How is cytokinesis different in plants and animals?

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In terms of the end result, cytokinesis in plants and animals is the same. The cells that have been undergoing cell division through mitosis are now separated, and each cell is an individual cell with a complete set of DNA; however, cytokinesis is different between plant cells and animal cells....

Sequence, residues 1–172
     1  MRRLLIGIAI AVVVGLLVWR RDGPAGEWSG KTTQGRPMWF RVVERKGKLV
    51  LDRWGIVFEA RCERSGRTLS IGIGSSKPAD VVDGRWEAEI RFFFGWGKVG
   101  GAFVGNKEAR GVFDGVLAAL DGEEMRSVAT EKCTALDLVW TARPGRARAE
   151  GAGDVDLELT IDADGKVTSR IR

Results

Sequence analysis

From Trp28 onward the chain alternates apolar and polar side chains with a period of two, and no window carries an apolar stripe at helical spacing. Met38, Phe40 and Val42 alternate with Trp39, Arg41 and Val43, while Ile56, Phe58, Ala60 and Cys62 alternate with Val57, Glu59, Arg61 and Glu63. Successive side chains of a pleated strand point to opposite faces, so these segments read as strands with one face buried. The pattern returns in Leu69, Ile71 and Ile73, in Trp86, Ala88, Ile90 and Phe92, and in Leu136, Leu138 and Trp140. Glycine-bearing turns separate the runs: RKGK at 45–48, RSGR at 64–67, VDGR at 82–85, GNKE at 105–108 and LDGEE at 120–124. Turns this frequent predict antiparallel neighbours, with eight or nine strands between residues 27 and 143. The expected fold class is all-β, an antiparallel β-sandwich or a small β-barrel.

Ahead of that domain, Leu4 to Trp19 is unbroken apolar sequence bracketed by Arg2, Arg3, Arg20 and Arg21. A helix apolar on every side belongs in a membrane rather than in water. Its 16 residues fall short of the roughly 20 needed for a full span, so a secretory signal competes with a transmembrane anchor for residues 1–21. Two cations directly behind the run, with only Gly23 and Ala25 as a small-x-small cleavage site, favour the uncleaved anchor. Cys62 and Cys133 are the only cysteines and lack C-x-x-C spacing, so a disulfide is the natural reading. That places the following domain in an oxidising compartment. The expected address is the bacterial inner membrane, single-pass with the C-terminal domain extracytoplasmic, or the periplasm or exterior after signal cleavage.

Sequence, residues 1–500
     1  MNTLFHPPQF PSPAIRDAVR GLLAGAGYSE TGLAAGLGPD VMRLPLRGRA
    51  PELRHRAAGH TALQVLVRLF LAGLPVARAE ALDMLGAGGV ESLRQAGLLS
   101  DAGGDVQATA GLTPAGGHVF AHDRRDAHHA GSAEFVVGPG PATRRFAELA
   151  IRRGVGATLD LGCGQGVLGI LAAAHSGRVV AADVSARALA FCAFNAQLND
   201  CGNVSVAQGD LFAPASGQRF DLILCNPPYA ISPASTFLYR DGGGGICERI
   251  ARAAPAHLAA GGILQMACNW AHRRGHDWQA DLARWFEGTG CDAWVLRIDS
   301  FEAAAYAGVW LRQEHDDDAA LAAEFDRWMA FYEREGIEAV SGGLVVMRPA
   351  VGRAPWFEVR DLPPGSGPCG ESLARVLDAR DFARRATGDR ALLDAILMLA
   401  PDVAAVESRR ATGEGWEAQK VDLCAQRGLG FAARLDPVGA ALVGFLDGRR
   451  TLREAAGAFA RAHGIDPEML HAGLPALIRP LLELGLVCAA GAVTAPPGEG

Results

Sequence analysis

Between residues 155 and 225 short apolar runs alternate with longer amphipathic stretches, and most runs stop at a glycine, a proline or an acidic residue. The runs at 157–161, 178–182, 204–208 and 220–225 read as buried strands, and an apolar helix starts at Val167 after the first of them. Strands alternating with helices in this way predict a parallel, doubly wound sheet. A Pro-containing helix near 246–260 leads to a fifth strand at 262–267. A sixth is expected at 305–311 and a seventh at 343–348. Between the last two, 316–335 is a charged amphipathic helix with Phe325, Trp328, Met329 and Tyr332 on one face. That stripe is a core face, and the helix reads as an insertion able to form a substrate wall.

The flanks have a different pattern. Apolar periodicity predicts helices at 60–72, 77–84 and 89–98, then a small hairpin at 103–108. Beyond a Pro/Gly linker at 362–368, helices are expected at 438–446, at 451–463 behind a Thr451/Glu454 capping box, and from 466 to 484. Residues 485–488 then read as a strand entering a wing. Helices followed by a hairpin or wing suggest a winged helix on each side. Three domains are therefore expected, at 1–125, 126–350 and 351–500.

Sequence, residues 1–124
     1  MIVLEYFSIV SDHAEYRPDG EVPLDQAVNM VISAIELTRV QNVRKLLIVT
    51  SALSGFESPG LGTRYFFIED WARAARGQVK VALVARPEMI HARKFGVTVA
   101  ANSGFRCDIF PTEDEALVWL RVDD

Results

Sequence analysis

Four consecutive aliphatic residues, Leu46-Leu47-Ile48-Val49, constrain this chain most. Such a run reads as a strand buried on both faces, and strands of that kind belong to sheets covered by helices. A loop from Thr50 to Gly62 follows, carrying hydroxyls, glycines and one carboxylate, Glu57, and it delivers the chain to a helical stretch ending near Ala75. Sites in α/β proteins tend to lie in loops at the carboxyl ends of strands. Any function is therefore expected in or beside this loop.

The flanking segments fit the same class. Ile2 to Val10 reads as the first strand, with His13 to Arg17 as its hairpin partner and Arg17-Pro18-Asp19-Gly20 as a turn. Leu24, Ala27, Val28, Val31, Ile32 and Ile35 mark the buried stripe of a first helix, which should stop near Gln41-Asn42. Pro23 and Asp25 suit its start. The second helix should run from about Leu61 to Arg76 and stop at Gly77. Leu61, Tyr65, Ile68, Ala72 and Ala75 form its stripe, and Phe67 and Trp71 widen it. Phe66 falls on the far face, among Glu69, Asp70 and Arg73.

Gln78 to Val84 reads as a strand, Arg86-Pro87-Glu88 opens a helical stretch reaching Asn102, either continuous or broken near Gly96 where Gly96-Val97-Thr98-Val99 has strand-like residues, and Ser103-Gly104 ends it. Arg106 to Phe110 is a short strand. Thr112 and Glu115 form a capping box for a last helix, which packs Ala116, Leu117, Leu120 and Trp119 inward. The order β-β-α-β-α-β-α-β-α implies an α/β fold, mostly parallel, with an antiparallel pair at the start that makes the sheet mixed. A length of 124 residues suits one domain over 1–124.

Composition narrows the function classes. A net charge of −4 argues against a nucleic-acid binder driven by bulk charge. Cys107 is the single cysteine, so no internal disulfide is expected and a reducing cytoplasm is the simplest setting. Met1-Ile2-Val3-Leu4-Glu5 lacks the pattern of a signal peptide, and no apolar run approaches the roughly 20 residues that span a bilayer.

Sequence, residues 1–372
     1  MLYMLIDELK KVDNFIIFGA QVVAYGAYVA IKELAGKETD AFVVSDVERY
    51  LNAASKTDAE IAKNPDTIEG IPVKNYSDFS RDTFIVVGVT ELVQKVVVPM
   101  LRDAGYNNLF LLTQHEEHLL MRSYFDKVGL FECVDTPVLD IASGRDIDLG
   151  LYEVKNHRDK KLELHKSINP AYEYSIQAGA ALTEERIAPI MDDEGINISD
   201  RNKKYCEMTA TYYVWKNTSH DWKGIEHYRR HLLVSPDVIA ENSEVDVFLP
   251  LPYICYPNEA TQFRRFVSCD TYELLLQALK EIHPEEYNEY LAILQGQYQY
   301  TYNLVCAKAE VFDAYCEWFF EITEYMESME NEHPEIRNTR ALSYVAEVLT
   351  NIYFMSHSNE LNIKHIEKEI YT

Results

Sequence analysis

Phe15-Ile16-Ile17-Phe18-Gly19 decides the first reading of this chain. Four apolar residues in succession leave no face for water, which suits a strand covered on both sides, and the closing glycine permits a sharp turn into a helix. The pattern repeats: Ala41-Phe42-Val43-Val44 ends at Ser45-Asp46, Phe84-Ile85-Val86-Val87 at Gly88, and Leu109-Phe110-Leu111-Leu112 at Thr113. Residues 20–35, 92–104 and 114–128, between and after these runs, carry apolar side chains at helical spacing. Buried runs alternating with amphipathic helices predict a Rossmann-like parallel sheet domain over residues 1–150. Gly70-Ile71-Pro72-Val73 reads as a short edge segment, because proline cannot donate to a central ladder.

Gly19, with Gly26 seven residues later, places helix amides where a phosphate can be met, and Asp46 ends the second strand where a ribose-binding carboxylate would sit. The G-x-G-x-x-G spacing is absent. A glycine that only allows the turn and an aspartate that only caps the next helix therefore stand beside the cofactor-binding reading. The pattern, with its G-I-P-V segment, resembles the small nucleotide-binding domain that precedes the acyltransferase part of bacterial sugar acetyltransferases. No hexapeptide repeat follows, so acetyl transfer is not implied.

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In terms of the end result, cytokinesis in plants and animals is the same. The cells that have been undergoing cell division through mitosis are now separated, and each cell is an individual cell with a complete set of DNA; however, cytokinesis is different between plant cells and animal cells. The reason for this is that plant cells have a cell wall in addition to their cell membrane. Animal cells do not have cell walls; therefore, cytokinesis can happen by having the cell membrane begin "pinching" inward. This pinching is called a cleavage furrow and is controlled by the cytoskeleton. The furrow will continue to deepen until it meets the membrane and fuses. At this point, the cell completely divides and forms two daughter cells. A plant cell can't do this pinching action because of the rigid cell wall. In this case a new wall, called a cell plate, is formed inside the cell. It will grow outward until two new cells are formed.

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